Sunday, September 30, 2012

getting interested in Sloyd?

Bodies of boxes being glued and clamped
A reader wrote that he's become interested in educational Sloyd and noticed that there seem to be no current texts offering modern context or commentary. I guess that's one of the things I need to put on my list for later. If, in the meantime, you would like to become better acquainted with the system of woodworking education that began in Scandinavia in the mid to late 19th century, there is no better place to start than B.B. Hoffman's book The Sloyd System of Woodworking which can be downloaded from Google Books. The reason I like Hoffman's book is that it offers a brief history of manual arts training as to how Sloyd was developed and the rationale behind it, in addition to sets of models which describe the gradual development in the child that was to take place.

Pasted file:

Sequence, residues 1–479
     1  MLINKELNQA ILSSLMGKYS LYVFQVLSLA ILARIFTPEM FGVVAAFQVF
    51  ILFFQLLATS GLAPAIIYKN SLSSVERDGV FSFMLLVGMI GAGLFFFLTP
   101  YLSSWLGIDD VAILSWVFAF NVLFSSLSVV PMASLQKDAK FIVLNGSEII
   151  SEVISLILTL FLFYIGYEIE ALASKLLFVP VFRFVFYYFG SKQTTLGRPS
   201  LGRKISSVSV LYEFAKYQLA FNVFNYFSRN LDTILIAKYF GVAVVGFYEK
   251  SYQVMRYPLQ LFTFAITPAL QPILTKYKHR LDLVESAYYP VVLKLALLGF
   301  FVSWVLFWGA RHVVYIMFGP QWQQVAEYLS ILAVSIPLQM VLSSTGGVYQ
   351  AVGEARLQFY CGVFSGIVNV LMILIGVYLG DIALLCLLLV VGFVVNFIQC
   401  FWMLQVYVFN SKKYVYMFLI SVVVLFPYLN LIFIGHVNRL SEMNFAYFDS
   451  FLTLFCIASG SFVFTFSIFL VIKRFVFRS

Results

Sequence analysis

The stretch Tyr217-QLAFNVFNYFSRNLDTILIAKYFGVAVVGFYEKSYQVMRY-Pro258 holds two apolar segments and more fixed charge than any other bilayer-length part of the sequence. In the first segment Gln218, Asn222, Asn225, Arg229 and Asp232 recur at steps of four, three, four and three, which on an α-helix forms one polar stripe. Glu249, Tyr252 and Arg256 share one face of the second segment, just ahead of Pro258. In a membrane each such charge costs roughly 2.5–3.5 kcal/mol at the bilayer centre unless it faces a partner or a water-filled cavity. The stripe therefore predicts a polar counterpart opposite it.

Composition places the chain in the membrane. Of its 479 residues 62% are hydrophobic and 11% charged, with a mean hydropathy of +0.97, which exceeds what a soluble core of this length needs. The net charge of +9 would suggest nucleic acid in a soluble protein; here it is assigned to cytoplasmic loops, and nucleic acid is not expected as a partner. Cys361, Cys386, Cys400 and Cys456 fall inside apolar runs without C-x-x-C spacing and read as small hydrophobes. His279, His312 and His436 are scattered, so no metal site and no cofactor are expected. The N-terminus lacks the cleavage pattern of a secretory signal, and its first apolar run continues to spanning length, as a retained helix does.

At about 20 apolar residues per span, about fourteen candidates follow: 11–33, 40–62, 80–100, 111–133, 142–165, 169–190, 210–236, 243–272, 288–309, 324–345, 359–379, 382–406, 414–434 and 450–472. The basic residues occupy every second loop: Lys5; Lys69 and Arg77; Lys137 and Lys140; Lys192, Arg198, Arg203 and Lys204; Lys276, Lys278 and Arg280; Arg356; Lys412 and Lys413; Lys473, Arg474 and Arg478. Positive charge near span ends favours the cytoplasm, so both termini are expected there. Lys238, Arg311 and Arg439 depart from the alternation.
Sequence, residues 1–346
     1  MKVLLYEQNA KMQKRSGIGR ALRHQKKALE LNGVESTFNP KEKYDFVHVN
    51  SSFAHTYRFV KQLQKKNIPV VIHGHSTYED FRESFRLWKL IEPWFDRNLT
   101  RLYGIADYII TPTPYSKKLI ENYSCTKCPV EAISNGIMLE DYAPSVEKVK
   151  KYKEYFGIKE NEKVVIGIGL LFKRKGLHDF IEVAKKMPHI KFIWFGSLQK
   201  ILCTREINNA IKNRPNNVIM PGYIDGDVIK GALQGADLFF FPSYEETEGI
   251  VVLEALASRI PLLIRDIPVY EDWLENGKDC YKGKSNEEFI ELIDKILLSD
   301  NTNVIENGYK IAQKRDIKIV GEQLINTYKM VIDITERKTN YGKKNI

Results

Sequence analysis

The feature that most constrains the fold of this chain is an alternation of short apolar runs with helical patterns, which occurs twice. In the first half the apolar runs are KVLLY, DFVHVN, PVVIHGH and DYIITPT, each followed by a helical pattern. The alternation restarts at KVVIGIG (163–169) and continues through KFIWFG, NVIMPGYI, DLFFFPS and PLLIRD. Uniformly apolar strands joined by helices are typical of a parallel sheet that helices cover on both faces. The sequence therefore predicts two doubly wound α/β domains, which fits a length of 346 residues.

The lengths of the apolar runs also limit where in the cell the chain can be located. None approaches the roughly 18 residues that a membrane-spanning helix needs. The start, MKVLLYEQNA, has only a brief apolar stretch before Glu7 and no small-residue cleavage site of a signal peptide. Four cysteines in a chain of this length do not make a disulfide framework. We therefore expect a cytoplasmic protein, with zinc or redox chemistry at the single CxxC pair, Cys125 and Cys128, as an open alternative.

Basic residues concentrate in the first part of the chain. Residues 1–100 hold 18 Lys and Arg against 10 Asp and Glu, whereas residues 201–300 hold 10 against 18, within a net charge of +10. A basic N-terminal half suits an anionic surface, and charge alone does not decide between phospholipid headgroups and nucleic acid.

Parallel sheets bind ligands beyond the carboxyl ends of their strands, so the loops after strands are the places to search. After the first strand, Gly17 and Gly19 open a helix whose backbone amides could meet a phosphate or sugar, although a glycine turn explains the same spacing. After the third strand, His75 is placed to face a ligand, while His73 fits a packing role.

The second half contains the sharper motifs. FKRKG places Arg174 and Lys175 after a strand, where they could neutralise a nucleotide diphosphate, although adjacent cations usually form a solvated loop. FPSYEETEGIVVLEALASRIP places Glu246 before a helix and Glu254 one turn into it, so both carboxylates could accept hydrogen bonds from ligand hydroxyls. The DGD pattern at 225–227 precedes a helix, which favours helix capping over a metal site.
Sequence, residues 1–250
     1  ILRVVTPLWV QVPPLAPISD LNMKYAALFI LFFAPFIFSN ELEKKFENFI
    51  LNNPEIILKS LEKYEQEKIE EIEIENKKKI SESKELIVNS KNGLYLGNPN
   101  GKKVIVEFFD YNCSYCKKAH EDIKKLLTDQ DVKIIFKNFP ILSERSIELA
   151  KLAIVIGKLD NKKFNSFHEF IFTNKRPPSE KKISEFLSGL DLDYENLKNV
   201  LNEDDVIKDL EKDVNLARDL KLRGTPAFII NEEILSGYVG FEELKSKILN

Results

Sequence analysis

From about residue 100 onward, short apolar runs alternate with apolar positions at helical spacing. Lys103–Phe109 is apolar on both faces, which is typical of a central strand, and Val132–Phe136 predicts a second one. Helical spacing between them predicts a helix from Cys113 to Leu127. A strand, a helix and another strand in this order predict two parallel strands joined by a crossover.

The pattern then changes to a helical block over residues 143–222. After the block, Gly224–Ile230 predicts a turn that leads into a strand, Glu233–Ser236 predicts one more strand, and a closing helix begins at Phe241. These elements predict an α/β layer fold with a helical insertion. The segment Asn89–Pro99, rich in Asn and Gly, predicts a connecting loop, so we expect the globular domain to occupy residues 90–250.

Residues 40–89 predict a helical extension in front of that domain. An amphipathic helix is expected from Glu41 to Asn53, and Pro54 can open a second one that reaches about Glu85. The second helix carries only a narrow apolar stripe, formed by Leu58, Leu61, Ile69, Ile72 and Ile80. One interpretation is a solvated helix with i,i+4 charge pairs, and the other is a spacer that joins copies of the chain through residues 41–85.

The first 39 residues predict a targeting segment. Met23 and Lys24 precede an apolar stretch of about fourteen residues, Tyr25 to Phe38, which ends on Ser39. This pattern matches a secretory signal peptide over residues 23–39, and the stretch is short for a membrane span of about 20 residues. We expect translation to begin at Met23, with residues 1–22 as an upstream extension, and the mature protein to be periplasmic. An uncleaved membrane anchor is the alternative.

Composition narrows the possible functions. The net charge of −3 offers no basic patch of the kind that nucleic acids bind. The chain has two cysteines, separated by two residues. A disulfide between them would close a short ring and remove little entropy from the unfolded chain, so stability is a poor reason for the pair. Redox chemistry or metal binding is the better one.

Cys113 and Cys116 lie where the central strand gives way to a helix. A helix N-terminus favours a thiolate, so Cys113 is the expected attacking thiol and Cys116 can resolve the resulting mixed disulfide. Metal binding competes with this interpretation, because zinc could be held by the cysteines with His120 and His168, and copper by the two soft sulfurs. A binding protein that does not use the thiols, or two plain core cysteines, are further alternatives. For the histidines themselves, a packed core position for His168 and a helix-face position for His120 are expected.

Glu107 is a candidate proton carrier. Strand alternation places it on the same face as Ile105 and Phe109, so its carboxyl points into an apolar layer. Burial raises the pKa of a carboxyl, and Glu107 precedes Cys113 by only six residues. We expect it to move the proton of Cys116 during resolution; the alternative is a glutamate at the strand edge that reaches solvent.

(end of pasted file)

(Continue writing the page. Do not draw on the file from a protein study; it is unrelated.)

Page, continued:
One of the things that might surprise readers is that Sloyd is not necessarily an easy thing to get one's hands around. It was much more an educational movement than a fixed point in time, and that movement has continued in Scandinavia, even to this day.

Today in the wood shop, I've mitering corners for boxes. So far I have cut corners for about 80 boxes and now have less than 4 times as many more to go. As you can see, I've also begun assembly, using large rubber bands as clamps. Over my years of making boxes I've made thousands of boxes, but never so many in a single month before.

Make, fix and create...

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